I was whisked into surgery at the crack of dawn, six hours ahead of schedule. I don't remember being transferred to the table, but at some point I was aware of crying and telling them how much it hurt. I was also aware the nurse several times loudly ordered me to "breathe" or "Maria! Maria! remember to breathe!" No one said I'd actually stopped breathing in such to be problematic, but since I have no reference to time I couldn't say.

Surgery is past and I am back at work - full time; half as productive. In the course of a week I have compiled a list of things I take for granted.

In the category of life skills:
  • opening doors while holding a cup of coffee
  • showering in general, shampooing specifically
  • drying off sufficiently to dress
  • buttoning my jeans
  • pulling up my jeans
  • tying shoes
  • removing wrappers
  • cutting my food
  • buttering my bread
In the category of work and school
  • typing fluidly
  • stapling a neat stack
  • paperclips
  • rubberbands
  • cutting
  • separating continuous feed orders
  • holding phone while writing
There are many more inconveniences both at home and at work. But that is the key...they are simply inconveniences. Once the cast is off there will be a host of new issues to deal with. Some will be issues like the ones above, but with a twist. I will inevitably try to hold something and not feel it. I will have learn to test temperatures before grabbing and such. But the beauty of it all is that I will learn.

What have I learned is that I'm not an artist. No matter how hard I try, I have no skills to that end. I cannot draw or paint and I most certainly can't carve without injury. Instead, I can write; and with exception of writers cramp and creative blocks, I can do so safely.

And I can hug! Thanks for that reminder Jen.

Friday, July 27, 2012

TSP: Jen McConnell's Open, Unguarded Moments

TSP: Jen McConnell's Open, Unguarded Moments: In the 13th in a series of posts on 2012 short story collections entered for The Story Prize, Jen McConnell, author of  Welcome, Anybody  (P...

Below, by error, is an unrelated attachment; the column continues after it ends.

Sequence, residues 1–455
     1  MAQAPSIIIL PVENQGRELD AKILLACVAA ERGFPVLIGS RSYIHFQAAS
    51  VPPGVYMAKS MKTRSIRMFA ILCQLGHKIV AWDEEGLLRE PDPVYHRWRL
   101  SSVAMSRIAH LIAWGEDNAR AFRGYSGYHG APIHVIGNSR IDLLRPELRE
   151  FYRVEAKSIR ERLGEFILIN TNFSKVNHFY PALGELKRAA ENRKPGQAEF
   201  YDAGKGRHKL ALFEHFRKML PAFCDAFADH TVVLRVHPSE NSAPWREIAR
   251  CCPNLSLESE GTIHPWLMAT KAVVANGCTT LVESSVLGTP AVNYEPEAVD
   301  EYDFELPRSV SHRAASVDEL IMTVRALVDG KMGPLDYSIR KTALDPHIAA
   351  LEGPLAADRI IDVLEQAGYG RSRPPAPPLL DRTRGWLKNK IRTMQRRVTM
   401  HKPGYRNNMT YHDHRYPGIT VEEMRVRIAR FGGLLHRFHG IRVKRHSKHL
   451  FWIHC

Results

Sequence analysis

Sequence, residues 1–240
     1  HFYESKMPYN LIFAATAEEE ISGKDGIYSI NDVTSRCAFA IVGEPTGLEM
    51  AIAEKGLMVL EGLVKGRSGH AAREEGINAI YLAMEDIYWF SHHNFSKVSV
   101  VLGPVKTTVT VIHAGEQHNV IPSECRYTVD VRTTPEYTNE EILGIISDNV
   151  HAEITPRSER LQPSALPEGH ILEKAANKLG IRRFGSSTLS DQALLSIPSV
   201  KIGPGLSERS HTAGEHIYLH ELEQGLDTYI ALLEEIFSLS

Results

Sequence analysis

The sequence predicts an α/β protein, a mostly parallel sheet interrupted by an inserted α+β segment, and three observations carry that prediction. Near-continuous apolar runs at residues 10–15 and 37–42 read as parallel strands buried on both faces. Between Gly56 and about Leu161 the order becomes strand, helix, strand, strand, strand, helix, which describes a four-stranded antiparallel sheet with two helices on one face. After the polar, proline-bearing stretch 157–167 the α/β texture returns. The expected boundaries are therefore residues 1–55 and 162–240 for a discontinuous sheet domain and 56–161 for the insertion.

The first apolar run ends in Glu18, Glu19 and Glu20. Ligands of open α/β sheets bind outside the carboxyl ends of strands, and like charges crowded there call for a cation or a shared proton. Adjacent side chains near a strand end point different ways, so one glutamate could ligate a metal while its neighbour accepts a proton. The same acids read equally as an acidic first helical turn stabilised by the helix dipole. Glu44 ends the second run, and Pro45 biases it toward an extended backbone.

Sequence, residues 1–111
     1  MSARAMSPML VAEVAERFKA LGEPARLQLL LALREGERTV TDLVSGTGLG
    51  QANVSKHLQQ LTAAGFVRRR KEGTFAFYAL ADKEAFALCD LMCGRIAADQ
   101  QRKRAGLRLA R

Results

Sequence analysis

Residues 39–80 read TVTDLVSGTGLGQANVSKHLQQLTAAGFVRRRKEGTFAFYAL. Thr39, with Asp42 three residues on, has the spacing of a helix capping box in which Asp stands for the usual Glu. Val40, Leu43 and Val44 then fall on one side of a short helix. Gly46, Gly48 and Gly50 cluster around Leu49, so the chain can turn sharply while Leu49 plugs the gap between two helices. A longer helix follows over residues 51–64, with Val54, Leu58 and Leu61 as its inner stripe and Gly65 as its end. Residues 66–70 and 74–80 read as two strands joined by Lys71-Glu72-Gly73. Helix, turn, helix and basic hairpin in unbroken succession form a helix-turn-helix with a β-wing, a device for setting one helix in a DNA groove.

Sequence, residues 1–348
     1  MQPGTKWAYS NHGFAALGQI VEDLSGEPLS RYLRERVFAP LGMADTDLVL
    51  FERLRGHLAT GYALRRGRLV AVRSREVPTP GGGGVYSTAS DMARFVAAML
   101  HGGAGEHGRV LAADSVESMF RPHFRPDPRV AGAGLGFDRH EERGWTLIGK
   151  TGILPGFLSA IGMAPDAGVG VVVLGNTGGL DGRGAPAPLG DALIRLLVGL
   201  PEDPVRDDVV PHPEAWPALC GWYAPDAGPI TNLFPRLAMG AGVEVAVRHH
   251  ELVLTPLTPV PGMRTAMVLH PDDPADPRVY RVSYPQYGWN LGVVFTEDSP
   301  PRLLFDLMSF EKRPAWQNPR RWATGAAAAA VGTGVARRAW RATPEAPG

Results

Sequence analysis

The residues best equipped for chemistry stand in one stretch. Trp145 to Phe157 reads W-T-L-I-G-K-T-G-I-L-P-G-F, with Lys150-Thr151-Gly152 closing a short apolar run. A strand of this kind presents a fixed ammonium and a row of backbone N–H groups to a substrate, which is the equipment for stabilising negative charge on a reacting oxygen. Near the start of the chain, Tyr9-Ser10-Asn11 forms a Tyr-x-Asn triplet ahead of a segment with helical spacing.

Thursday, July 12, 2012

Little Boy Lost

When I started writing I envisioned a page where my more creative work would be displayed. What once was a venue for my essays and stories has now become a spiritual and emotional outlet. As it turned out, I am a “mommy blogger.” I suppose in my most self-serving ideal, it will someday be read and used by my children. It will be a memoir of sorts, used to understand the parts of Mom that remained cryptic to their young minds.

Last night I made Nathan cry. Not because I was angry or mean, but because I wanted to prepare him for a coming loss. Nathan is our sensitive one. He empathic-ally takes on the stresses and emotions of others, whether he knows them or not. We struggle to teach him a balance between guarding his self and holding an open heart. The last thing we want for him is hurt, and the next to last we want is for him to withdraw to the inside.

This is where parenting gets tough. Nichole and I have been debating whether or not to euthanize our dog Jasmine. Jazz is 11 years old, which is close to average for a Dachshund. She was once a vibrant able watchdog who gave us two beautiful litters. She loves unconditionally and is only slightly spiteful (as Dachshunds are prone to be) when left at home.

Lately though Jazz has been more miserable than happy. Her allergy to fleas and summer pollen has her biting, scratching and rubbing until she is nearly bald. Two months ago she was in such condition that someone reported us to the ASPCA for “mistreating” her. Of course this was unfounded as soon as the uniformed officers saw that she is well cared for, just old and crusty. I could go through the whole list, from small tumors to cataracts and deafness, but the point is not to justify our plans.

What has come of this debate is “how do we tell the kids?” They all take loss especially hard. Nathan still cries over the loss of JuJube, the hamster. He is saddened every time he remembers Tonka. Nathan gets sad just missing Dakota, Kaitlin’s dog. But we had Tonka and Jasmine before the boys. They have grown up with her. She is their dog, whether or not they choose to play with her.